While living in Panajachel, working with local artisans to make our products and giving to schools around the Lake with Mayan Families we began learning more about the various organizations around the area doing wonderful things. There was one organization in particular that we were very interested in getting to know, just down the street from us, called Maya Traditions.
The organization was founded in 1996 and has a very inspiring story that started with a wonderful woman named Jane Mintz who lived in San Francisco. In 1988 Jane first began working with indigenous women artisans in Guatemala. As she came to know many indigenous weavers, she saw the true impoverishment that they lived in. Jane began to help them with their designs, giving feedback to help improve the quality of the work to make it more marketable in the United States.
She observed that the women’s skill of backstrap weaving was a chance for them to earn a more stable income for their families.
Since then, they have expanded into a fully functioning nonprofit where not only are they creating a sustainable income for these families, but they also offer complimentary social programs that reach out to over 500 families. Everything about this organization seemed very like minded to Life Out of the Box and we couldn’t wait to meet them, so we set up a meeting with the two ladies who now run the show: Erin & Pamela.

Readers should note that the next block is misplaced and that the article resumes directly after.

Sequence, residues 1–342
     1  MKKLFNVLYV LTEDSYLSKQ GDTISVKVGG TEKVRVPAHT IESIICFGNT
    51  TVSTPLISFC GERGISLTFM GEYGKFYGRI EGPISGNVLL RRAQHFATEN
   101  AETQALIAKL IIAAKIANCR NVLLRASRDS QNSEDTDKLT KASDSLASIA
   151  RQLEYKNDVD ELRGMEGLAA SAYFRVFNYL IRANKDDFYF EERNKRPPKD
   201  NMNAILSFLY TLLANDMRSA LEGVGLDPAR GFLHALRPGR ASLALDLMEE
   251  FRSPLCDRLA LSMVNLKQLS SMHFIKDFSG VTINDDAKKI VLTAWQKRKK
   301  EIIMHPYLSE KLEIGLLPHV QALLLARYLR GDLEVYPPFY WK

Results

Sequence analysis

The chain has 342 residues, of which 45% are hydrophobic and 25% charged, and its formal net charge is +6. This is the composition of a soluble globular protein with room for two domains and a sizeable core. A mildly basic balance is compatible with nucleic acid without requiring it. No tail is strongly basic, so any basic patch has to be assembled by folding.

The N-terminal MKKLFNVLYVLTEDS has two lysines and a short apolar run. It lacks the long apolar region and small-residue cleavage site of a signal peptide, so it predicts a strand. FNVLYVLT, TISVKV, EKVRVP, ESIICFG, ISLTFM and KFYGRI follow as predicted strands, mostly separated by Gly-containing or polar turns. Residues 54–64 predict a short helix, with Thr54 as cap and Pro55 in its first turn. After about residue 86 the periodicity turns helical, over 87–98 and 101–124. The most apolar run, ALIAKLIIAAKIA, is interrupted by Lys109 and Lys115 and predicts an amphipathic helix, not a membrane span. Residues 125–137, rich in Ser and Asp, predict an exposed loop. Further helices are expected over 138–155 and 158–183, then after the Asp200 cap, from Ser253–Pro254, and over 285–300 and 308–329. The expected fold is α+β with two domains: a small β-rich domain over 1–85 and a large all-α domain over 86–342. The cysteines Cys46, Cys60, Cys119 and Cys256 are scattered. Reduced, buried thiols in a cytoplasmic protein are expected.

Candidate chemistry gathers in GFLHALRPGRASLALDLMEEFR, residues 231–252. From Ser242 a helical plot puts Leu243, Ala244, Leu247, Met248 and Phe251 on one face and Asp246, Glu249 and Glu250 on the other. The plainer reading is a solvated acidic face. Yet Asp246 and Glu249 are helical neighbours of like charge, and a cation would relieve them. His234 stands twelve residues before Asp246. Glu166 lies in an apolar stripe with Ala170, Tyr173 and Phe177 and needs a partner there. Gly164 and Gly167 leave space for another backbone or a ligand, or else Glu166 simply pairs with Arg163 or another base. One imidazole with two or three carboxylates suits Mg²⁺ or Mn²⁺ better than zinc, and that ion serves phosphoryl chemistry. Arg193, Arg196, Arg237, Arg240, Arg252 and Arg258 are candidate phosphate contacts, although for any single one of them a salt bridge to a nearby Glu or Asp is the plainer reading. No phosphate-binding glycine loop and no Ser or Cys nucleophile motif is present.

We met them at their main office just down the road from our house in Panajachel. We walked in from the little ally way it was down and emerged into a beautiful garden with a Mayan woman weaving fabric on her knees under a gazebo. It was breathtaking. We walked in and met Erin & Pamela, who started us off with a nice tour of their place. We walked into their fabric/design studio filled with beautiful items from leather bags to colorful fabrics and more.
We went upstairs to their gift shop that was filled with beautiful handmade items like scarves, belts, tote bags and even Christmas ornaments! It was a beautiful display, the best we’d seen so far in Central America. We were very impressed with the inventory they had produced with the artisans they worked with.
We sincerely enjoyed talking to Erin & Pamela in their beautiful building as we exchanged stories of developing products & helping kids through education around the Lake. We were all on the same page so we all instantly connected. Their educational programs were making a great impact on the kids of their artisans and we wanted to help them out in any way we could.
We left the meeting smiling, feeling inspired–like we had just learned a lot and had made some new friends in Panajachel. If you’re ever in the area, we suggest you check out their spot–they offer tours of their gorgeous organic medicinal garden, their lovely building and shop filled with handmade goodies. To learn more, check out their site http://mayatraditions.com/.